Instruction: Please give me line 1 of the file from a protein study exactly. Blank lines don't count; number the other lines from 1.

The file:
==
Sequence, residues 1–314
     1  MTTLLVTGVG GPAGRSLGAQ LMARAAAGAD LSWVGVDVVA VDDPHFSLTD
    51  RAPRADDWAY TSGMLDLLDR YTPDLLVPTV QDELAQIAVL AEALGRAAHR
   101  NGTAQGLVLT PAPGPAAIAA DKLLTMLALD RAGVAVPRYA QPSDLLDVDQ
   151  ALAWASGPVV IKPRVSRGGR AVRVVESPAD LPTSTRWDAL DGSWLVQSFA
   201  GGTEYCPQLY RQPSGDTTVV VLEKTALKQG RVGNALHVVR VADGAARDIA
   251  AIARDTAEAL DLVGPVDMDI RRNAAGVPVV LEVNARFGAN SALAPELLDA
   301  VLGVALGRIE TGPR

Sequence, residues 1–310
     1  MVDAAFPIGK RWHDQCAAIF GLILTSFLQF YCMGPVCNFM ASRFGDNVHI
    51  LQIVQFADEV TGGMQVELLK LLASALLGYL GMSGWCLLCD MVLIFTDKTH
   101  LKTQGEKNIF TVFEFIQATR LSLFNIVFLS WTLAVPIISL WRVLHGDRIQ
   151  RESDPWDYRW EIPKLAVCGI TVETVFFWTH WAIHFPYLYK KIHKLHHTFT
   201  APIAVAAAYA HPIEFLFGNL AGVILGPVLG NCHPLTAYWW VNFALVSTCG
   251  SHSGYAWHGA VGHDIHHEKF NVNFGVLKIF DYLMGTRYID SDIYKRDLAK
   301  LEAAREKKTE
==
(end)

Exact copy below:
Sequence, residues 1–314